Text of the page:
From 1999 to 2002, the number of congresses and conventions in Mexico increased 551 percent, expos 93 percent, events in fair halls 125 percent, and the amount of fair hall floor space 160 percent. Some 539 expos and 7,500 congresses and conventions were held in Mexico in 2002 alone, including the United Nations Conference on Funding for Development, which drew 55 heads of state to Monterrey.
Many Mexican destinations are important business centers in their own right. Mexico City, for example, is one of the world's largest cities. But many of Mexico's meeting spots are located next to beaches, archaeological sites, nature preserves, or other attractions, enabling visitors to combine business with pleasure. The Cancun Convention Center lies next to some of Mexico's most beautiful beaches and also near the Mayan ruins of Chichén Itzá.
The new zero sales tax law, which does not apply to incentives, went into effect in January 2004. Now international meetings and conventions and associated services held in Mexico are as much as 15 percent less expensive than before the Value-Added Tax was repealed. Lodging; transportation to and from the airport, or any seaport, to a hotel; and food and beverage are now exempt from VAT. Add to this the fact that the U.S. dollar is weak against the euro and strong against the Mexican peso, and it is easy to see why many international companies are considering Mexico for international events.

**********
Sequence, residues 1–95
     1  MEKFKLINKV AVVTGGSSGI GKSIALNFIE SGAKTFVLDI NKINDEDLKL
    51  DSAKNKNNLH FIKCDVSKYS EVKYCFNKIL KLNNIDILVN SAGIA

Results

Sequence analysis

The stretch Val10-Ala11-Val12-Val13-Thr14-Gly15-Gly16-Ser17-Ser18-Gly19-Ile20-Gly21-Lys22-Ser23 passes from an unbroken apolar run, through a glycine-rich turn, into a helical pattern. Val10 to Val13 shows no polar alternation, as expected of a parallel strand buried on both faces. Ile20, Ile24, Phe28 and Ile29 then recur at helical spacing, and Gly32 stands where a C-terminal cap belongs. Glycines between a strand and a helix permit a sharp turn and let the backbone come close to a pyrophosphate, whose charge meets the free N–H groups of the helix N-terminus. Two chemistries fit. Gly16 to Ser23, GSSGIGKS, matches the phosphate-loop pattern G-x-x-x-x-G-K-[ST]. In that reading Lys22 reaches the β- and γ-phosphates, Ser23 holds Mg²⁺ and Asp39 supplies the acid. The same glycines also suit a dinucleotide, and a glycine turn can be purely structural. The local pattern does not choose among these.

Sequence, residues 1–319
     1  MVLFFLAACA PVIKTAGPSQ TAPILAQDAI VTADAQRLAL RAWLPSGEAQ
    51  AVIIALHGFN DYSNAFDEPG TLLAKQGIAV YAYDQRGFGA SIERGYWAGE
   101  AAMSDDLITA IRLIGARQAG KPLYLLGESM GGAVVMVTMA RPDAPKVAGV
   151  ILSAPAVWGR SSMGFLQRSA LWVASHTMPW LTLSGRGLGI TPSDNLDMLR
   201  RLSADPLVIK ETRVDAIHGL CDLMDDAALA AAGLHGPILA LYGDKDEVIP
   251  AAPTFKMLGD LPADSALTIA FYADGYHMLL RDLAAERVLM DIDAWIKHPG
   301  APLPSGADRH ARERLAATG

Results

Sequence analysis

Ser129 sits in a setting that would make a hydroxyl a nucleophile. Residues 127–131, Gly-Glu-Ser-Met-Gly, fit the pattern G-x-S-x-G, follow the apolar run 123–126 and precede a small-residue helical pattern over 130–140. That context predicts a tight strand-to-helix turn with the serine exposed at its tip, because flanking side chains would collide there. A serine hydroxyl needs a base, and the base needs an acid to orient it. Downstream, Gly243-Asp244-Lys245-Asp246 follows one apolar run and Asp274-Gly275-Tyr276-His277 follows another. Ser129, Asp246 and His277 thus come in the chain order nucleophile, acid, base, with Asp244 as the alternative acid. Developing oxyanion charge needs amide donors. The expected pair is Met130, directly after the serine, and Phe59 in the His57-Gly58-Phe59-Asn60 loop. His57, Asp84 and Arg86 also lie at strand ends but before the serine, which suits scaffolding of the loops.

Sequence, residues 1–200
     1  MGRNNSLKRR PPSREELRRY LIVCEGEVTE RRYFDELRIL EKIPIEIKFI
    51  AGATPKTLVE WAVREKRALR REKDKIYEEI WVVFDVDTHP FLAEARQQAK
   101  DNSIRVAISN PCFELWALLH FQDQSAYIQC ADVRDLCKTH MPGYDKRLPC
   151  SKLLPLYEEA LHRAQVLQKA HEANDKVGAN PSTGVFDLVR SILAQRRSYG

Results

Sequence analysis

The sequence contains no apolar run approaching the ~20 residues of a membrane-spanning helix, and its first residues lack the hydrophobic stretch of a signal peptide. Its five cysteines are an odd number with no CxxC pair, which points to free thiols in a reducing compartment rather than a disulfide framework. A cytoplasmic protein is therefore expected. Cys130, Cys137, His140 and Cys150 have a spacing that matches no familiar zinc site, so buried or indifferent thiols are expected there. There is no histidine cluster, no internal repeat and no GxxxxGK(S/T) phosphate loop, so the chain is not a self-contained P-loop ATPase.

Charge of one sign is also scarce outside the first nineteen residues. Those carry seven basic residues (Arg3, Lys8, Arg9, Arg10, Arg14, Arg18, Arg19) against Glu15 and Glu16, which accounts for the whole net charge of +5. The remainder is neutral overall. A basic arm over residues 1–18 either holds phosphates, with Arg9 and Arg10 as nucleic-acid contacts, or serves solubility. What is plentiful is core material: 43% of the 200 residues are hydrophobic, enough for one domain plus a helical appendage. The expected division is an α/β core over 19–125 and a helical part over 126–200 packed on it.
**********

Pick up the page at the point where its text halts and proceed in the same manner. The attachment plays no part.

Organizers of events in Mexico pay no import taxes on the equipment or displays for these meetings so long as they are re-exported. Giveaways are also exempt. These and other incentives have made Mexico a successful destination for such renowned event organizers as E.J. Krause and Messe Frankfurt, which have set up operations in Mexico.
AMPROFEC, the Mexican Association of Exhibition Management, can fulfill all the organizational needs of meetings, from marketing to registration to setup.
Last year the Mexico Tourism Board created the Mexico Convention Bureau to coordinate Mexico's network of convention and visitors bureaus, provide helpful data about meeting sites, and offer site visits to meeting and incentive planners. Call (800) 929-4555 or visit www.visit-mexico.com.